NASAA Notes: November 2021


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Pam Breaux

November issue
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November 1, 2021

President's 2021 State of the States Address

I delivered these remarks to NASAA members at our 2021 Business Bash Celebration in late October. There are so many amazing, innovative examples of state arts agencies’ courage and commitment during the past year, I wish I could have named them all!


The year 2020 gave us COVID-19 and COVID shutdowns, unimaginable deaths, culture and race wars, and heightened polarization; and, as we all responded rigorously, in some ways we also held our collective breath to get to the end of 2020. And when 2021 came around, it felt much like the year before.

To a person, the workload at state arts agencies (SAAs) has since been acutely taxing. You have managed two rounds of federal recovery grant making, additional state recovery grant programs, and a host of new and reconceived programs and services. Constituent needs have been intense, and SAA staffs are working around the clock, often with too few staff members, to address the needs of the day. Managing full programmatic portfolios, managing change, advancing equity, and meeting diverse and sometimes divergent constituent needs is a monumental hill our members climb each day.

Our very wise NASAA board chair, Suzanne Wise of the Nebraska Arts Council, recently shared a reflection with me: “The path of righteousness will always be an uphill struggle, but the closer we come to the summit, our exaltation in how far we’ve come increases with each step.” During this particularly tough year, let’s take a moment to pause and observe how far we’ve come on our way to the summit.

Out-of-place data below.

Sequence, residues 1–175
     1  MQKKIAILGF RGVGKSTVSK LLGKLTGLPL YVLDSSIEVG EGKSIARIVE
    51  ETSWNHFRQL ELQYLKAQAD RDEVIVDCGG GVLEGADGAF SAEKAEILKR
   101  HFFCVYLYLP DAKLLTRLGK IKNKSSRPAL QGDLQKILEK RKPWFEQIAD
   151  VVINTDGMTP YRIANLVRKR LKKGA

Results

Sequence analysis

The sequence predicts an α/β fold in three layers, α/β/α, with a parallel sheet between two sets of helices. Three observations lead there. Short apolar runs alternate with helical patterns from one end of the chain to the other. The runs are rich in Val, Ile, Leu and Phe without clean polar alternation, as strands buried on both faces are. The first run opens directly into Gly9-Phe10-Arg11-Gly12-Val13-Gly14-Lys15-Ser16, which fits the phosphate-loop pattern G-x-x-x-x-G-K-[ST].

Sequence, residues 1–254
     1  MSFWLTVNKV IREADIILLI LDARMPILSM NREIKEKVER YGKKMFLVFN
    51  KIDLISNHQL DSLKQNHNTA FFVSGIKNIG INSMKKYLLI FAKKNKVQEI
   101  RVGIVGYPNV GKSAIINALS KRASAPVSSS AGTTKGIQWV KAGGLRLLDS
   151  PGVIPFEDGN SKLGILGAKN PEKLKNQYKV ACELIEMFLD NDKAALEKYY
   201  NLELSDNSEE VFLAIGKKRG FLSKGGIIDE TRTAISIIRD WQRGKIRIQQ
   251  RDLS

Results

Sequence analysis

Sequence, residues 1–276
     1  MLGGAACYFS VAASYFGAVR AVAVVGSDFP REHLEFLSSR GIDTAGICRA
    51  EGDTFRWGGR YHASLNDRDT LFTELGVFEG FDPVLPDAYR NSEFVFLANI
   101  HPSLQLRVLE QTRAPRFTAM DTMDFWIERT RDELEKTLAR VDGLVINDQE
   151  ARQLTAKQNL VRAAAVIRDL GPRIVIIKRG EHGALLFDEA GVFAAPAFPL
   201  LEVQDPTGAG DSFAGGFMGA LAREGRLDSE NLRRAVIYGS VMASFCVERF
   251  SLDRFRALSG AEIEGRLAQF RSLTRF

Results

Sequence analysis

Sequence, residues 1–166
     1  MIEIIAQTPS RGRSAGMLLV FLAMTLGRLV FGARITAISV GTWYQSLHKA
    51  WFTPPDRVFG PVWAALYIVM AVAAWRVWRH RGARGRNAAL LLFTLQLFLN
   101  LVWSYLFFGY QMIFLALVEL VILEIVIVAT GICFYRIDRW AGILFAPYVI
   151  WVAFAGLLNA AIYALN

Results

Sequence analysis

Job number one for NASAA members has been advancing the recovery of our sector. To date, SAAs have invested nearly $1.3 billion in arts-sector relief. Yes, that’s $1.3 billion with a B. This figure includes all of the relief funds you have administered, also the CARES (Coronavirus Aid, Recovery and Economic Security) Act and ARP (American Rescue Plan) funding you administered with National Endowment for the Arts (NEA) money, and it includes the programmatic budgets you redeployed for relief funding. This SAA infusion of $1.3 billion is providing critical aid to the field—and the advocacy for additional relief is ongoing, so this story isn’t over.

Your work didn’t stop there. Here are some examples:

  • The Kentucky Arts Council and its partners produced Native Reflections, a traveling exhibit of artworks by Native American artists living in Kentucky. This exhibit importantly confronts the common misconception that Native American culture is reflective only of past history. It demonstrates the traditional roots and the diverse contemporary creative work of Indigenous artists in the state. This agency is promoting the multifaceted creative work of native artists, and it’s so important to demonstrate the truth about the breadth of its work.
  • Creativity also abounds when SAAs develop new ways to fund the arts, like Pennsylvania Council on the Arts‘s Creative Business Loan Fund. It’s a unique public-private partnership that makes funding available to support creative enterprises. It provides loans with competitive rates and flexible financing, and is an important new strategy for supporting creative ventures in the Keystone state.

At this time in our history, SAAs are also necessarily engaged in strengthening community resilience through the arts: